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Annex I. The Phillips curve in Japan: estimating the relationship between output and inflation at low inflation rates

Annex I. The Phillips curve in Japan: estimating the relationship between output and inflation at low inflation rates

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OECD Economic Surveys: Japan



204



Table A.1.



Co-efficients of the demand pressure indicator in standard Phillips curves

Core inflation (corrected for VAT hikes) is the dependent variable1



Capacity utilisation in manufacturing sector

Output gap

Change in output gap

Business conditions index4

Production capacity index4

Unemployment gap5

Change in the unemployment gap



3



Co-efficient2



t-statistics



Sacrifice ratio



0.06

0.04

0.12

0.02

0.04

0.06

0.34



3.14

2.17

1.73

1.61

1.65

1.77

2.30



1.52

2.30

4.62

2.61

1.47



1.

2.

3.

4.

5.



Estimation period is quarterly data from 1975 to 2002.

Variables of demand pressure indicators are re-scaled so that the coefficients are comparable.

Capacity utilisation in manufacturing is inverted so that its coefficient becomes positive.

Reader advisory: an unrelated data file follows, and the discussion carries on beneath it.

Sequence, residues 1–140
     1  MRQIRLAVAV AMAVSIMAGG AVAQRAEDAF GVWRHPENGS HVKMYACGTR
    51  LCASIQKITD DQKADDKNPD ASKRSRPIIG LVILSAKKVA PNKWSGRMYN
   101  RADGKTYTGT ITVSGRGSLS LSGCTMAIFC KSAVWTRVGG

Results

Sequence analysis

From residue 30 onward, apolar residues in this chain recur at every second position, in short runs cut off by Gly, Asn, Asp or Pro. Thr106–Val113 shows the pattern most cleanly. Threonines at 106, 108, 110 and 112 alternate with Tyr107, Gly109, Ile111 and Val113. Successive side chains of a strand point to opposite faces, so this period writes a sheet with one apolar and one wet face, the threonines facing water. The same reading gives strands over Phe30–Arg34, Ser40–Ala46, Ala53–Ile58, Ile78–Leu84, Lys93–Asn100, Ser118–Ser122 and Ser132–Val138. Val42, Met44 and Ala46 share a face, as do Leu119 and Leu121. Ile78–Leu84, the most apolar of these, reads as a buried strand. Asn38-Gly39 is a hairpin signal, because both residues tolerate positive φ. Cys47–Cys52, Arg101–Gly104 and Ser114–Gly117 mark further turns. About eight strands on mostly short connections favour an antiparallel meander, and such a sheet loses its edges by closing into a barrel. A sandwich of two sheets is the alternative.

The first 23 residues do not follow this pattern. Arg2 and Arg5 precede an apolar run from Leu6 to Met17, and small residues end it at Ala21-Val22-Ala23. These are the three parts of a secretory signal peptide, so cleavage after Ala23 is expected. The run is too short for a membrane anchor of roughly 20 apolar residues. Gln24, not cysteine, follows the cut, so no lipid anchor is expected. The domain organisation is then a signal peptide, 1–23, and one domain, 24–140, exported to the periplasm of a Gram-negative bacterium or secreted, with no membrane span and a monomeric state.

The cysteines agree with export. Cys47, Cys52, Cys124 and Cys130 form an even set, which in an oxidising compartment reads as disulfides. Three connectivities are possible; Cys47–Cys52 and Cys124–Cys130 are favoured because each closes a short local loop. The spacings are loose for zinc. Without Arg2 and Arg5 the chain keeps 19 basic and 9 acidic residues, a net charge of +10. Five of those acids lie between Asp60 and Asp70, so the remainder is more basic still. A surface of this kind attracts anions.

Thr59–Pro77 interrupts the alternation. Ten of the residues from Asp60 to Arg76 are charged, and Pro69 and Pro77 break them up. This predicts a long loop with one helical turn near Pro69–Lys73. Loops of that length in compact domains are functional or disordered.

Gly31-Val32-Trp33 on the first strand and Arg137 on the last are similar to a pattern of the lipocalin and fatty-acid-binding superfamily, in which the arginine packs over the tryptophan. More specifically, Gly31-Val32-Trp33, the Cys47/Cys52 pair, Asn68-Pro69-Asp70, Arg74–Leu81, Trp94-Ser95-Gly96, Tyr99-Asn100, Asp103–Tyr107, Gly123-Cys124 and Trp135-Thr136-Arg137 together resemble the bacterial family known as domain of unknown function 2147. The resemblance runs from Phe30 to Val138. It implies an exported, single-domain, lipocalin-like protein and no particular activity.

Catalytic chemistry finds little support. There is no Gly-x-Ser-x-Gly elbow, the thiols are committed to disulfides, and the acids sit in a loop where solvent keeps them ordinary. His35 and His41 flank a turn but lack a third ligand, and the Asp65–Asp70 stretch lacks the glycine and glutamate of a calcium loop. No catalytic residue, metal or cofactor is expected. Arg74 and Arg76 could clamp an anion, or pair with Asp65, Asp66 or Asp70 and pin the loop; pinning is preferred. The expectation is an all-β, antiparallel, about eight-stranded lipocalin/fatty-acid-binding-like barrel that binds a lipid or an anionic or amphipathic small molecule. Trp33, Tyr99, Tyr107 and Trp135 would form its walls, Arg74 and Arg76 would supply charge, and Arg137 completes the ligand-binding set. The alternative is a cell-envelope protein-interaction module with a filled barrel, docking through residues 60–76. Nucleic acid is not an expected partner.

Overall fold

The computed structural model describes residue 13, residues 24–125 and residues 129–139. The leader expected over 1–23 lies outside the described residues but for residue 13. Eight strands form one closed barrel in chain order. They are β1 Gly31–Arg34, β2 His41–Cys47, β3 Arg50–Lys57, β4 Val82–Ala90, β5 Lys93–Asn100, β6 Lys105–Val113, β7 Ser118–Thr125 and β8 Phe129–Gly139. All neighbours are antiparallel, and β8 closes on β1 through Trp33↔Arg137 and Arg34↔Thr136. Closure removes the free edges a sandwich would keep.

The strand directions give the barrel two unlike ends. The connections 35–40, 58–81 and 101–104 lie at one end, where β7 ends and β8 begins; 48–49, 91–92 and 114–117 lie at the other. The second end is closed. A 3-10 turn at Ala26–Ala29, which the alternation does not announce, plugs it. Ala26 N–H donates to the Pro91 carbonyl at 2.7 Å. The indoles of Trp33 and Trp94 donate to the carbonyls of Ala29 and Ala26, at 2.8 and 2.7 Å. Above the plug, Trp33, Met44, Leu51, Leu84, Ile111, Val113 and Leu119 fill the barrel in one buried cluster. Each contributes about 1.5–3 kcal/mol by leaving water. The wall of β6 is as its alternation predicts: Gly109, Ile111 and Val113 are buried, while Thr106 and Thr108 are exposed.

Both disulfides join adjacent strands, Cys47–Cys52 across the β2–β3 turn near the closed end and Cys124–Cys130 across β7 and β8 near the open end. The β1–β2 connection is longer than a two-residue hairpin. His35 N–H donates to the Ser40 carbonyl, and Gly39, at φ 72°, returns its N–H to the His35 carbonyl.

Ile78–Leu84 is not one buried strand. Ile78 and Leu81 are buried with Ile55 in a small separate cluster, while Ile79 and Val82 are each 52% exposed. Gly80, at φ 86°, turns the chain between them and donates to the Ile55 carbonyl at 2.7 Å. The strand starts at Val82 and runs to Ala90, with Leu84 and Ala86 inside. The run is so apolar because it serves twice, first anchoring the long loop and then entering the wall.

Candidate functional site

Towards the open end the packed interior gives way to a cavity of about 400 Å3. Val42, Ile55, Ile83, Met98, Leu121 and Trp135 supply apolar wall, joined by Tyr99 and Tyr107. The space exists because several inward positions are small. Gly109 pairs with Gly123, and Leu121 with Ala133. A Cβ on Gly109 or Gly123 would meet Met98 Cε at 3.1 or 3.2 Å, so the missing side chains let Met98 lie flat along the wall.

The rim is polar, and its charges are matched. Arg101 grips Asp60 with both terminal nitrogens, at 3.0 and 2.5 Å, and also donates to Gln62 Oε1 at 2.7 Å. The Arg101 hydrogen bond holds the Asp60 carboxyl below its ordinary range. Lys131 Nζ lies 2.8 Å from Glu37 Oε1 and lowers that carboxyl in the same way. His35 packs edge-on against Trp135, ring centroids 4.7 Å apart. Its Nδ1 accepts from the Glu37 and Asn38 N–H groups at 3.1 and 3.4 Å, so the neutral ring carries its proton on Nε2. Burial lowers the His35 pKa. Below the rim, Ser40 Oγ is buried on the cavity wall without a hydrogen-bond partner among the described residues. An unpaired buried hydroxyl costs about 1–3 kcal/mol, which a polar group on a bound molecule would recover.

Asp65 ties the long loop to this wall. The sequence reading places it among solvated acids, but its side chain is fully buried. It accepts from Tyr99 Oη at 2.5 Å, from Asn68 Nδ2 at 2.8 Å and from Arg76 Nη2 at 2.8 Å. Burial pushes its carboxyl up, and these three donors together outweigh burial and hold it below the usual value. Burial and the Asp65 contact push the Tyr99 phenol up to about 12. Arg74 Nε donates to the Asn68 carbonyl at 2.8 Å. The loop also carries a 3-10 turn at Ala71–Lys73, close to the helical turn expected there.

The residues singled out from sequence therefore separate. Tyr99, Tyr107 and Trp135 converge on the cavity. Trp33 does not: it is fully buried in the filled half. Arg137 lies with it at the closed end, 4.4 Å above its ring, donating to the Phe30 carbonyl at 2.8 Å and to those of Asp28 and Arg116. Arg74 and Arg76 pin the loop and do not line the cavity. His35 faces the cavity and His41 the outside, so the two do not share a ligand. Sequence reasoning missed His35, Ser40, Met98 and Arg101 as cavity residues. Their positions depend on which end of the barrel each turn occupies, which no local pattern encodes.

From the Bank of Japan’s Tankan Survey.

Unemployment gap is defined as the difference between the unemployment rate and the NAIRU. This parameter

is inverted so that its coefficient becomes positive.

Source: OECD estimates.



Estimation results

In all of the estimated equations, the indicator of demand pressure is significant with the

expected sign (Table A.1). For the unemployment and the output gap, both the level and the

first difference were significant determinants of inflation, signalling the presence of speed

limit effects in the economy. The equations pass standard in-sample diagnostic tests. One

common way of assessing the relevance of the Phillips curve is to check the implied sacrifice

ratio, which is measured as the cumulative output gap that is required to permanently

decrease the inflation rate by one percentage point. The equation that includes the output

gap leads to a sacrifice ratio of between 2.3 and 2.6. The sacrifice ratio is somewhat lower for

the specification using the unemployment gap and capacity utilisation (around 1.5) and

higher when the business index is included (around 4.5).

Does the slope of the Phillips curve become flatter at low rates of inflation?

The next step checks whether the slope of the Phillips curve changes when inflation is

low. Phillips curves are re-estimated, allowing the coefficient associated with demand

pressure indicators to differ depending on whether inflation is above or below certain